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It’s hard to believe that I have been here in my new home in Chehalis, Washington, for almost a year, now.  It’s been a while, a couple of months, since I last took the train to Portland, Oregon, and visited my therapist in her office, and it’s been almost a year since I have had regularly-scheduled in-person sessions.  For a while, beginning in about February or March of this year, my therapist and I met once a week for a Skype long-distance session.  By July or August, we were meeting via Skype less frequently, and now we have an “as needed” agreement.  How do I feel about this arrangement? 

It rocks!  That’s how I feel.  Since I have been living in this small Western Washington town, I have not really felt the need for therapy sessions.  In fact, when my therapist and I were doing our weekly scheduled Skype sessions, those sessions became a burden to me because I disliked having to stay home on Thursdays.  I had other things I really wanted to do.  However, I respected my therapist’s belief that tapering off our sessions was better than going “cold turkey.”  And she was right–several matters came up that I needed to spend time discussing with her.  So I am glad I hung in there. 

Five years ago, my inner life was so painful and so turbulent that I had given up leaving my apartment unless absolutely necessary.  It seemed that no matter where I went or who I was with, I was constantly having to deal with PTSD triggers.  Separating and hiding my inner life from my outer life took so much of my energy that I was ready to give up.  Fortunately, I don’t give up easily, and I made one last attempt to find a person who had the knowledge and experience to help me.  Bingo!  After contacting the former head of the psych department in a well-known local research hospital, I got the name of a therapist who was able to diagnose me accurately and then offer me the help I had been trying to find for the past thirty-some years. 

Now, I have always been a person for whom having a personal goal is essential when I engage in an activity that is important to me.  My goal when I began seeing my therapist in 2010 was to do the work I needed to do in order to reduce and manage my PTSD symptoms so that I could enjoy the final part of my life.  Well, I worked my tail off in therapy, and I achieved that goal.  I hung in there, forced myself to go to my sessions even when I didn’t want to go, spent hours and hours at home working on my Ego State Therapy dialogue, and now I’m finished.  My reward?  A state of inner peace I have never had before in my life and what I would call a relatively normal life–normal for a 75-year-old senior living in a small town, that is.  Even more:  I am able to manage any distress I feel before it gets to the point where symptoms might recur.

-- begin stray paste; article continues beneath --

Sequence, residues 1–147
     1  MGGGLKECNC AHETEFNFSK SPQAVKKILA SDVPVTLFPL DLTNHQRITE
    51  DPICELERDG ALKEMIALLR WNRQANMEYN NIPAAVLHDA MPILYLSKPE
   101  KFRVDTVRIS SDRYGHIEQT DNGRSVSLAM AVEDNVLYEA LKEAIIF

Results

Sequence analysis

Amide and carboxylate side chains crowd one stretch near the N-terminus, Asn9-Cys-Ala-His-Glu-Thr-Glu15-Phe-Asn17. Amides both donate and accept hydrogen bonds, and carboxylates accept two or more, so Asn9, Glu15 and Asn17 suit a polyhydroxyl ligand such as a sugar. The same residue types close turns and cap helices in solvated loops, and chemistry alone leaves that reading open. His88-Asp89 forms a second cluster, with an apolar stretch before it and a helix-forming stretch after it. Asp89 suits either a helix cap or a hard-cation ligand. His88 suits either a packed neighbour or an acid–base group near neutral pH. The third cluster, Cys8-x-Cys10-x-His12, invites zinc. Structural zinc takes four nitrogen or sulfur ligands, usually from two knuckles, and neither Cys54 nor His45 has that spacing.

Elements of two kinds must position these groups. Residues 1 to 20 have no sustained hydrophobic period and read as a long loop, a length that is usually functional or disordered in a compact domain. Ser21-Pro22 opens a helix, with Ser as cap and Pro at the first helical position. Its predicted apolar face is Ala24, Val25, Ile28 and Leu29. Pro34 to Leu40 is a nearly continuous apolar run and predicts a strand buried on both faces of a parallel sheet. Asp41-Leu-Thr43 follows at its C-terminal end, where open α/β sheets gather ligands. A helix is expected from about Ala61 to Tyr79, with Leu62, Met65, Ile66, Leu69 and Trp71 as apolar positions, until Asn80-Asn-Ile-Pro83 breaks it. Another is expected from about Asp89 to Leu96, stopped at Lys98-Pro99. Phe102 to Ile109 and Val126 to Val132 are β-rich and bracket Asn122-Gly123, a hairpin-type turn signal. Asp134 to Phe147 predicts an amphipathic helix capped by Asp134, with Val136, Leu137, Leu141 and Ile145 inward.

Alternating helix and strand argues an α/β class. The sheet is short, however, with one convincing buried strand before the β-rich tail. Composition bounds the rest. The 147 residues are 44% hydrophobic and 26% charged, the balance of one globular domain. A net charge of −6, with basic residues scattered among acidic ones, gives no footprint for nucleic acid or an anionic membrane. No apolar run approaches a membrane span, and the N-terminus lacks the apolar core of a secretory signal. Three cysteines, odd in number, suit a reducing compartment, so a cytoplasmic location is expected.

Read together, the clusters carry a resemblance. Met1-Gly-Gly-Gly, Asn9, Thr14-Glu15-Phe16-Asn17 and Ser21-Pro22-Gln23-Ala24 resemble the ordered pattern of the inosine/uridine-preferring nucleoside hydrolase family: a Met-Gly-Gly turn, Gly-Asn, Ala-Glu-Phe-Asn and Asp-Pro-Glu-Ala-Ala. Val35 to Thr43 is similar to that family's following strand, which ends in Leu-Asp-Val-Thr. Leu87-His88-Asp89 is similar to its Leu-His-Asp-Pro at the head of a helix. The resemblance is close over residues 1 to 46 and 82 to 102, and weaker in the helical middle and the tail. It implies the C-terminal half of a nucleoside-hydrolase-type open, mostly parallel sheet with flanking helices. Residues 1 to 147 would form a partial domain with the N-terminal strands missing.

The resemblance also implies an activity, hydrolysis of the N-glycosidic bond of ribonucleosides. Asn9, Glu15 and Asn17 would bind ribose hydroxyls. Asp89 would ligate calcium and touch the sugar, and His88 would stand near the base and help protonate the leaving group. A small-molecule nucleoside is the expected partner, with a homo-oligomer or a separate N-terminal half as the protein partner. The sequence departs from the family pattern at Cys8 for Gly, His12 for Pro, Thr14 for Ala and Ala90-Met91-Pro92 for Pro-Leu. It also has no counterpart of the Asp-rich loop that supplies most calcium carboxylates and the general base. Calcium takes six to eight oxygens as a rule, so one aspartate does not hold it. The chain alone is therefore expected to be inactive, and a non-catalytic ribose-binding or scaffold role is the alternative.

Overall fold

Yes, I’ve learned in therapy how to gather my ego states together so that we might iron out any difficulties that could cause distress.  For that, I don’t really need a therapist’s help now.  Five years ago, I did! 

Oh, yes, I need to define my new “normal” life here in a small Western Washington  town of about eight thousand souls.  I’ll tell you about this life.  You may not find it appealing, but I’m so happy to have it!  First, I sing in my church choir at St. Timothy’s Episcopal Church.  I also sing in the female “barbershop” group that one of our choir members put together.  We call this group “Joyful Noise,” and the name fits.  Sometimes it’s more noise than music, but we are working on it.  Our choir now has tee shirts with St. Timothy’s logo on them to wear on December 13th when we participate in one of the community Christmas events.  The children’s choir is going to join us, and I bet they steal the show!  So I look forward to that event.

Recently, I’ve begun volunteering at our local community college, something I love doing!  I’d forgotten how much fun it is to work one-on-one with a student.  I’m helping twice a week in a post-ESL class, giving students individual help.  In addition, once a week I will be facilitating an English conversation session with students who want to practice their speaking skills in English.  For me, this work is fun, and I’m just happy that my head is peaceful enough so that I can use it for other things now instead of therapy. 

Overall, I’d say my life now, post-therapy, is pretty typical of the lives led by many women my age (75).  I don’t feel a need to explain myself, as I used to, because I feel that I blend in with everyone else.  I no longer feel that I am a freak or even that I am weird–whatever those terms mean!  “Quirky” I may be, but not freaky.  Now that I no longer have a war taking place in my head, I am able to simply be a part of life and enjoy the experience–the bad and the good of life.  I like knowing that now I can usually roll with the punches and not experience flashbacks and other symptoms when the going gets difficult.  That new feeling is awesome!

Will I stop posting to my blog now that life has settled down for my ego states and me?  No!  But I won’t post as often as in the past.  I’m simply going to be too busy living!  So now you know what I will be thankful for this Thanksgiving and now you know that my greatest Christmas gift will be from me to me, the experience of living without the daily torment of PTSD symptoms.  At the Thanksgiving table this year I will say a prayer of thanks for my therapist and all her help, and I will thank God and the powers of the Universe for giving me the stamina and the powers of insight needed to do my work in therapy. 

To conclude, below is a British saying adapted to fit our American Thanksgiving:  


(Google Images)

Have a wonderful Thanksgiving, and don’t forget to thank the Universe for

being there for you!  You exist–now take the next step!